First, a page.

Caribbean countries warned to closely monitor National Insurance Schemes

Caribbean countries have been warned that they need to build national awareness of the fiscal risk associated with pension schemes and need for reforms.

“At a minimum, the actuarial deficits should be systematically monitored and reported to the public with more frequency and a degree of detail to allow proper evaluation of the fiscal risk,” according to a new study released by the International Monetary Fund (IMF).

Since their establishment in the 1960s, 1970s and 1980s, contribution incomes have exceeded benefit payments and administrative expenses for most countries and the systems have accumulated a large fund.

“The schemes appear relatively sound until about 2017. Thereafter, they are projected to incur substantial deficits and eventually run down their assets, raising the prospects that the government would have to bear a share of the promised pension benefits,” the study warned.

“To avoid crowding out other priority expenditures, the authorities could, in the short term, implement parametric reforms that would help offset the impact of demographic pressures. Phasing in these reforms now will prevent a significant buildup of pressures and avoid the need for drastic measures in the future.”

The study on National Insurance Scheme Reforms in the Caribbean, notes that National Insurance Schemes (NIS) in the Caribbean are weighed down by population aging, slow economic growth, and high unemployment.

It said as a result of these factors, the NIS’s in the region are “projected to run substantial deficits and deplete their assets in the next decades, raising the prospects of government intervention”.

The study, part of the IMF Working Papers, notes that population aging is putting increasing pressure on public finances in the Caribbean.

“Long term projections point to continuing unfavourable demographic trends. Thus, pension schemes have become unsustainable. In addition, there is a concern that investment of pension funds may lead to high exposures to government securities.”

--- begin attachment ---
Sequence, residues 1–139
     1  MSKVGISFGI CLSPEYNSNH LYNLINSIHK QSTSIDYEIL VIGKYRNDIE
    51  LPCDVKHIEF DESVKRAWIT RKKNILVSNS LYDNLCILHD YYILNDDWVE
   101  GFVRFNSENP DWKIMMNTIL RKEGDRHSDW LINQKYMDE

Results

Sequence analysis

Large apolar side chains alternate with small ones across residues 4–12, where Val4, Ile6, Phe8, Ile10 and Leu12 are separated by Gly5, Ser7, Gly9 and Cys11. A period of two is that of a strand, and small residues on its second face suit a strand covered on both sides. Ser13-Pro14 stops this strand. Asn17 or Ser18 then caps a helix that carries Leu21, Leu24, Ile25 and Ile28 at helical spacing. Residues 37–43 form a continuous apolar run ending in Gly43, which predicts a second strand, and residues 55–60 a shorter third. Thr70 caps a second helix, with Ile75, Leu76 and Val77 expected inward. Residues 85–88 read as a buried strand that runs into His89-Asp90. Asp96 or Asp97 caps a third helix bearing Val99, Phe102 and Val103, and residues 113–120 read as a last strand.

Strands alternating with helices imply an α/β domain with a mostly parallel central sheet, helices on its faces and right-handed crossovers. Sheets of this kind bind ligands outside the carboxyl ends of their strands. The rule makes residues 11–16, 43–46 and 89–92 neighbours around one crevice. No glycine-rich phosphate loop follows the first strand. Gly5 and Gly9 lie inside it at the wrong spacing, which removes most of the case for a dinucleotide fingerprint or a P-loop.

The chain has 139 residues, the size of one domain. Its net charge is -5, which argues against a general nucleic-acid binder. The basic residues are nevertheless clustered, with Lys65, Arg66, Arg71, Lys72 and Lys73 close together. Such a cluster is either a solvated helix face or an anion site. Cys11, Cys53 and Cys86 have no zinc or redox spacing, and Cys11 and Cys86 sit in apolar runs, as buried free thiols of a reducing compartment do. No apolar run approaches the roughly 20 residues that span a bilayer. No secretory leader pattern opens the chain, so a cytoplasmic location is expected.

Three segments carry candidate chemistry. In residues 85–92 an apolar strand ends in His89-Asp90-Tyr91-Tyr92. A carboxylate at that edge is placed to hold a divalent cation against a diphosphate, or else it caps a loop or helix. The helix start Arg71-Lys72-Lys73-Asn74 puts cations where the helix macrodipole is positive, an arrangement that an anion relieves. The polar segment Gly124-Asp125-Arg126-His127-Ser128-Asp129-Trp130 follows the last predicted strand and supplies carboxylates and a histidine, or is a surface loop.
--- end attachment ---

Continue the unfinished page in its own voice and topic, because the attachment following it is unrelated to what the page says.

The study warns that these developments, together with anemic economic growth, rising unemployment, and limited room for macroeconomic policy intervention, suggests that pension reforms are unavoidable. But it pointed out that a range of reform measures, with varying socio-economic impact could be implemented to contain the projected increase in pension spending.

The study quantifies the impact of three parametric reforms, highlighting their implications for economic growth, intergenerational equity, and fiscal savings.

“In addition to containing demographic pressures, raising the retirement age would not only be inter-generationally fair, but could also have a positive effect on economic growth in the long run by increasing participation in the labour force,” the authors of the study said.

They said that at the same time, it will reduce the welfare of older workers and the unemployment of the young.

“An across-the-board freeze in old-age benefits for two years is shown to improve the financial position of the pension systems but it could somewhat dampen economic growth and, at the margin, could increase old-age poverty.

First Published CMC

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